January 27, 2001
From: Mary Jane Adams
I found this Ceratosoma sinuata sitting on a rock at 22 meters in the Florida Islands in November, 2000. When I started shooting, it started rotating away from me. I had to keep moving around the rock to keep it's "face" in the picture. I also noticed this same apparent avoidance behavior with the Halgerda batangas I photographed a few days earlier. It was not moving until my strobes started firing, then it began to turn away from me.
The C. sinuata showed another behavior that I interpreted as agitation or possibly threat posturing. It was rapidly withdrawing and extending it's rhinophores. At first I thought it was a reflexive reaction to my strobes. The rhinophores withdraw immediately after each shot, but also every few seconds between shots.
Most nudibranchs I photograph appear totally unaware of me. These two, however definitely showed signs of trying to avoid the blast of intense light (and possibly heat?) from my stobes. Has anyone studied the reaction to noxious stimuli in sea slugs?
email@example.comAdams, M.J., 2001 (Jan 27) Avoidance behavior in Ceratosoma sinuata. [Message in] Sea Slug Forum. Australian Museum, Sydney. Available from http://www.seaslugforum.net/find/3552
Note added 30 April 2007: Until now on the Forum C. sinuata and C. flavicostata have been considerd forms of one species. See message #19854 where they and C. magnifica are considered separate species.
Dear Mary Jane,
Many sea slugs appear to be negatively phototactic, that is they move away from a light source. A major irritation when you are trying to draw them under a microscope. Since many opisthobranchs are active at night, apparently to avoid the attention of predators, a built-in behaviour which caused them to move away from light would cause them to move into shade (that is under rocks etc) and so into hiding. That is why cloudy overcast days are better for intertidal and tide-pool collecting them bright summer days.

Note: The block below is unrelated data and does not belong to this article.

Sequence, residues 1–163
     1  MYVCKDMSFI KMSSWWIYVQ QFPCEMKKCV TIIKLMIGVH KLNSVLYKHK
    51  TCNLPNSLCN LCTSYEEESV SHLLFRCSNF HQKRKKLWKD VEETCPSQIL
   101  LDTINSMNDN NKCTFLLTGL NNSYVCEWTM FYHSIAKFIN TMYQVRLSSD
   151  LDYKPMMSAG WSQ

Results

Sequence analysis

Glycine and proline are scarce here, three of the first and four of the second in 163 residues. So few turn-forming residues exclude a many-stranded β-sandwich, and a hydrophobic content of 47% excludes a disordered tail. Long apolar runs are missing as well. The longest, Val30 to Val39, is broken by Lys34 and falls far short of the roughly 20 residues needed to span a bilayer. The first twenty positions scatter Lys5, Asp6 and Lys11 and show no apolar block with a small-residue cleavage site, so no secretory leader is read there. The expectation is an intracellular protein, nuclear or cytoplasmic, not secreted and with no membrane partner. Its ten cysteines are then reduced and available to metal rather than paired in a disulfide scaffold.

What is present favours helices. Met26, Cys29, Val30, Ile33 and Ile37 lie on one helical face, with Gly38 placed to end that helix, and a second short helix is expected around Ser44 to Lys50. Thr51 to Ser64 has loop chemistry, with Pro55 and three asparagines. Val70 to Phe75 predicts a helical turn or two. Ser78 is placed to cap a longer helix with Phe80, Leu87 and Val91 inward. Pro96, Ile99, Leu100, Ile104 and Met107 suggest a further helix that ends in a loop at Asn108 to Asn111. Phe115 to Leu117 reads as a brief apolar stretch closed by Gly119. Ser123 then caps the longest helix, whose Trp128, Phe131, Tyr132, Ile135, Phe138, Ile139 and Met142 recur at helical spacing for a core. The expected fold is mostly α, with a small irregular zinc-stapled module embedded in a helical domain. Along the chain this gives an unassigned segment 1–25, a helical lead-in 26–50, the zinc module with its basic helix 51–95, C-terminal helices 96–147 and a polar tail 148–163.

Opisthobranch eyes seem only able to sense light and dark. This does allow them to sense shadows passing over them. I have certainly experienced animals withdrawing their rhinophores and gills when I have caused a shadow to pass over them. This is again probably a useful defence is a fish is about to have an investigatory nibble. I suspect the rapid withdrawal and extension of rhinophores may be a 'short circuit' in their nerve reflexes. I don't suppose their nervous system has evolved with bright strobes in mind.
The only systematic study of behaviour in sea slugs I know of is Eric Kandel's pioneering work on Sea Hares. He eexhaustively tested and described in minute detail their nervous system's response to all sorts of stimuli so that he had some base line data for his investigation into the workings of their primitive nervous system. I like to think his award this year of a Nobel Prize means that a sea slug worker has hit the big time. You'll find references to is two books, which I often refer to in an earlier message. That message also refers to Rhanor Gillette's website and lab where research on sea slug behaviour is also being conducted.
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